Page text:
Survey of JoshuaBook Type: Book of history, the sixth book of the Old Testament and the Bible.
Author: Joshua, son of Nun. Joshua served as Israel's leader following the death of Moses. He had previously served as the Moses' aide, had explored the Promised Land with the 12 spies, and had led the Jews in military battle while in the wilderness.
Audience: Joshua is written to the Jewish people who first entered the land of Israel. These people experienced the initial fulfillment of God's promises to provide a land and a nation to the descendants of Abraham (Genesis 12:1–3). This book preserves the history of Israel following the death of Moses. In particular, Joshua notes preparations to cross the Jordan River, the conquest of the land, and the divisions of the land to the tribes of Israel.
Date: Likely written between 1400 and 1370 BC.
Overview: This book consists of 24 chapters which form four major sections. First, chapters 1—5 describe the events related to the nation of Israel entering the Promised Land. Joshua is commissioned and begins to lead the people (Joshua 1). Rahab hides the spies sent to view the land (Joshua 2). The people consecrated themselves followed by a miraculous parting of the Jordan River (Joshua 3). Twelve stones are established as a memorial of remembrance (Joshua 4). The new generation is circumcised (Joshua 5:1–9), the first Passover takes place in the new land (Joshua 5:10–12), and the angel of the Lord appears to Joshua with instructions (Joshua 5:13–15).
The second major section consists of the main battles waged as Israel conquered the land. Three campaigns took place, including a central effort involving Jericho (Joshua 6:1—8:35), a southern campaign (Joshua 9—10), and a northern campaign (Joshua 11). The remainder of chapters 11 and 12 provides a summary of the military actions taken during this time.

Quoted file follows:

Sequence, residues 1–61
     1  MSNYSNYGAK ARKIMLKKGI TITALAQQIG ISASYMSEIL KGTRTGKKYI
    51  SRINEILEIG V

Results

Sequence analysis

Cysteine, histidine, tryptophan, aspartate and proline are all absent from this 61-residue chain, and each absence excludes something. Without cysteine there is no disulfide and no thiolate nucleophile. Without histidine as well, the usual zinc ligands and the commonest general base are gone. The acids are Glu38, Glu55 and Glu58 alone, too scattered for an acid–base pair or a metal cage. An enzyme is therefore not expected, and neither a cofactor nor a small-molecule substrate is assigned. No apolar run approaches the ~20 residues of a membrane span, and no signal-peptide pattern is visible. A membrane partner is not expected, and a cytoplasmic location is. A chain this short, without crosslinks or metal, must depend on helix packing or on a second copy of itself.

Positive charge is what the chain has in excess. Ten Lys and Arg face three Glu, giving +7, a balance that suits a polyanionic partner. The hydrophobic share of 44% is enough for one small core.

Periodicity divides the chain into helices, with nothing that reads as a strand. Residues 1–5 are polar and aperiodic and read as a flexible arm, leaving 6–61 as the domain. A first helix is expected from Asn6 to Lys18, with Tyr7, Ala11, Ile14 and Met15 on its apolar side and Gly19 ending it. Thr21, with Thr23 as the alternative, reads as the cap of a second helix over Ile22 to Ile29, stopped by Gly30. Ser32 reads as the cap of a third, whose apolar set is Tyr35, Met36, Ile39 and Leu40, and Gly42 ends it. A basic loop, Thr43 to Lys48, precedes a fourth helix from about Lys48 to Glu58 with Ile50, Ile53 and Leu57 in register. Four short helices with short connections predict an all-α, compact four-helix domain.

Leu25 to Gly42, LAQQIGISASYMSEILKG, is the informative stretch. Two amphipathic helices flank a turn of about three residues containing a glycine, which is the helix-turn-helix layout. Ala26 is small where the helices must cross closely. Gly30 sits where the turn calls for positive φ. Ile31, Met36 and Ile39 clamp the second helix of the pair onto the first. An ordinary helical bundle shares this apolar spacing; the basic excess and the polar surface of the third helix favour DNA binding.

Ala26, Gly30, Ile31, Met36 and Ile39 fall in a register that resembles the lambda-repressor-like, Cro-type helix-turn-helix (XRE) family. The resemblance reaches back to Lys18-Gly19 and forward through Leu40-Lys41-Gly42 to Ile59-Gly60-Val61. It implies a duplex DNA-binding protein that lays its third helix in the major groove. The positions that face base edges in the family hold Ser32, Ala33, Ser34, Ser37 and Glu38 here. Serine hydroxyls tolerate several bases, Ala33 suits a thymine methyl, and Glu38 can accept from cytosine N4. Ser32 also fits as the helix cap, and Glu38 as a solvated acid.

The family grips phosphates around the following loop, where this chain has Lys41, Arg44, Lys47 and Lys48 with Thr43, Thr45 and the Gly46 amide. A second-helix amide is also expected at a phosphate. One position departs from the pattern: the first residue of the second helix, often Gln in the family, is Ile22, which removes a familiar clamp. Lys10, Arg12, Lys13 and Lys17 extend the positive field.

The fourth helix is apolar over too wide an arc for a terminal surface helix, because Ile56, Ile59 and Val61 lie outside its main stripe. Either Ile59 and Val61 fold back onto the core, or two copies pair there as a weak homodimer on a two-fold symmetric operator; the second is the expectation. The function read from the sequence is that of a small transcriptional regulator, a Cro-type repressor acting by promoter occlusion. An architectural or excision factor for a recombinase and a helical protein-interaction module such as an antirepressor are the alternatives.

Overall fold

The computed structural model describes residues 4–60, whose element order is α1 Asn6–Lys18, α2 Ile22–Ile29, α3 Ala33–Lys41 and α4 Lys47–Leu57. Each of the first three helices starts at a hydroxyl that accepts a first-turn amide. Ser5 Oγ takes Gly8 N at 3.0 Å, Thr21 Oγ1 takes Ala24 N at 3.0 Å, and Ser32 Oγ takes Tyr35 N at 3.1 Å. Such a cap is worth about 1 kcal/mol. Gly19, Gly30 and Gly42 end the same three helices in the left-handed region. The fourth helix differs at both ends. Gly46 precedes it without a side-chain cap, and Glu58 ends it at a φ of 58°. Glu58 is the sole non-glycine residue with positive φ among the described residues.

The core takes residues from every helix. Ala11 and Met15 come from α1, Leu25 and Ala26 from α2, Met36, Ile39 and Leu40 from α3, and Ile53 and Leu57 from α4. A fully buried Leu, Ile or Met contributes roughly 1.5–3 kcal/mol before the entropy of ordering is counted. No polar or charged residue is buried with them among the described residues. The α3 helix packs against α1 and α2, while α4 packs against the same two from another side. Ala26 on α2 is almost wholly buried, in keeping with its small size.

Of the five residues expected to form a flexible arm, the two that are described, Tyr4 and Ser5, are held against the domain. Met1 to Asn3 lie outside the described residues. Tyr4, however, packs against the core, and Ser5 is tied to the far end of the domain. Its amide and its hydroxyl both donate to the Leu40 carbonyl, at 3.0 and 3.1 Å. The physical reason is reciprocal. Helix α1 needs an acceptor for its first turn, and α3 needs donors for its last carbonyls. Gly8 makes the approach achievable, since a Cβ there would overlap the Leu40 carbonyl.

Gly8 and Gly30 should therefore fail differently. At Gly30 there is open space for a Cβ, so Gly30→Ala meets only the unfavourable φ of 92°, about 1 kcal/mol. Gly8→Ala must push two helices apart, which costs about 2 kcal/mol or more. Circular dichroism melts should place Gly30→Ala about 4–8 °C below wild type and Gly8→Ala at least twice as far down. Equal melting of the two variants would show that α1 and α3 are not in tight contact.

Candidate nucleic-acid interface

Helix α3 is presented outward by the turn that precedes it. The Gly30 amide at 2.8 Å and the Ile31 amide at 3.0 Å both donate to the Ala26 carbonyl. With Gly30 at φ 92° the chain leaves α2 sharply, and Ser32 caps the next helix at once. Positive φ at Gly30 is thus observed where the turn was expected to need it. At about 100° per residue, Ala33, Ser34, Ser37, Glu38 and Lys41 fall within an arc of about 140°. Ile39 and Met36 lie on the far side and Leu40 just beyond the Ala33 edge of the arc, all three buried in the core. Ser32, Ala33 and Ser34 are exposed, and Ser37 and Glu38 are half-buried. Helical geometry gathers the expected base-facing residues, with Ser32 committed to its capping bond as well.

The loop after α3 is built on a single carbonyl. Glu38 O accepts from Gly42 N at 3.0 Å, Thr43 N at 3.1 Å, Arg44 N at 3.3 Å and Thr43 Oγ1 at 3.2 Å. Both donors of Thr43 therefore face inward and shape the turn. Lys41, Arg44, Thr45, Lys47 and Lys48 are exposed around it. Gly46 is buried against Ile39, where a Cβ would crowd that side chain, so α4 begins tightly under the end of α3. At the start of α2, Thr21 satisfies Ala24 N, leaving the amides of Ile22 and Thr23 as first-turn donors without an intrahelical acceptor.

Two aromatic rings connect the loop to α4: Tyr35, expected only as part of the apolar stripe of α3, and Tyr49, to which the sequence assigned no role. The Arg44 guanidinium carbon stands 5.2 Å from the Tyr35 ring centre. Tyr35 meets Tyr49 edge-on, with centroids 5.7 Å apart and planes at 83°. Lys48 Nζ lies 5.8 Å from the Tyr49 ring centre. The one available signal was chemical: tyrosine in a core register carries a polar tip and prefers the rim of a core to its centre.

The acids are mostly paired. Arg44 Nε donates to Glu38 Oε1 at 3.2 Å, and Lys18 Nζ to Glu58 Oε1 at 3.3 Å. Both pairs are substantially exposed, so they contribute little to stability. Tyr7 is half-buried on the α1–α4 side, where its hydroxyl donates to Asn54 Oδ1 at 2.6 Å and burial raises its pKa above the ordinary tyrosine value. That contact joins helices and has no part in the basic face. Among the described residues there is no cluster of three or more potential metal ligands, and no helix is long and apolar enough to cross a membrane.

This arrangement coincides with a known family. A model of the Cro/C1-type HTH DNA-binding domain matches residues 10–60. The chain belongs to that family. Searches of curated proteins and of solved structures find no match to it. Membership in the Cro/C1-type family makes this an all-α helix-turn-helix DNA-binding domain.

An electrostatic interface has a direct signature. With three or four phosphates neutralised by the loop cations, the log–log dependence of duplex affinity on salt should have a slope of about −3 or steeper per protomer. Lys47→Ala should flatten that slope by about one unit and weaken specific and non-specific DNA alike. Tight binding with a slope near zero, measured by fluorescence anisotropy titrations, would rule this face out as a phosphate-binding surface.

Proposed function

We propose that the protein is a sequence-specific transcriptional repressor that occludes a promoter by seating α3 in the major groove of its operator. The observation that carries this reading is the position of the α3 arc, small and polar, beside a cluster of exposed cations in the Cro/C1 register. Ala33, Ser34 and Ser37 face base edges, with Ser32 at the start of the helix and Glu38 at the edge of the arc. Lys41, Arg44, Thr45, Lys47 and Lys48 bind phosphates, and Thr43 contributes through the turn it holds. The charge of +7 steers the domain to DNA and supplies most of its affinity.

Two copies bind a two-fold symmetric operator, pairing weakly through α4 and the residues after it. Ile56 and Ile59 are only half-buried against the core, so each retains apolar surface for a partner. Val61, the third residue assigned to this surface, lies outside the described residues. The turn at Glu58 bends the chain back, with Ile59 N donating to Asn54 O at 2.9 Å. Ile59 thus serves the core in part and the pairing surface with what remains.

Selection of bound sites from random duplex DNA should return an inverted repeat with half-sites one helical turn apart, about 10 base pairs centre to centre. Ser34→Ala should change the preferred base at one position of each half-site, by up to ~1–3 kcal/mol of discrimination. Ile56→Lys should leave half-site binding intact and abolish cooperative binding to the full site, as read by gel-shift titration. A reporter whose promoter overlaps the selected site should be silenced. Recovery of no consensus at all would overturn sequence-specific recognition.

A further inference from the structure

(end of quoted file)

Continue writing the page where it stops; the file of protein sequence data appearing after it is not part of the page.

The third major section covers chapters 13–22. This passage features instructions related to distributing the newly acquired land to the Israelites. This includes instructions regarding land yet to be conquered, already settled land east of the Jordan River (Joshua 13), allotment of land west of the Jordan River (Joshua 14—19), establishment of the cities of refuge (Joshua 20) and the towns of the Levites (Joshua 21), and recording of the eastern tribes returning to their land (Joshua 22).
The fourth major section includes two speeches by Joshua (Joshua 23—24). These speeches encourage faithfulness to the Lord as well as Joshua's farewell to the people. The book ends with a description of the death of Joshua, at the age of 110, as well as burial of the bones of Joseph and the death of Eleazar the son of Aaron.
Key Verses (ESV):
Joshua 1:6–9: "Be strong and courageous, for you shall cause this people to inherit the land that I swore to their fathers to give them. Only be strong and very courageous, being careful to do according to all the law that Moses my servant commanded you. Do not turn from it to the right hand or to the left, that you may have good success wherever you go. This Book of the Law shall not depart from your mouth, but you shall meditate on it day and night, so that you may be careful to do according to all that is written in it. For then you will make your way prosperous, and then you will have good success. Have I not commanded you? Be strong and courageous. Do not be frightened, and do not be dismayed, for the LORD your God is with you wherever you go."
Joshua 24:14–15: "Now therefore fear the LORD and serve him in sincerity and in faithfulness. Put away the gods that your fathers served beyond the River and in Egypt, and serve the LORD. And if it is evil in your eyes to serve the LORD, choose this day whom you will serve, whether the gods your fathers served in the region beyond the River, or the gods of the Amorites in whose land you dwell. But as for me and my house, we will serve the LORD."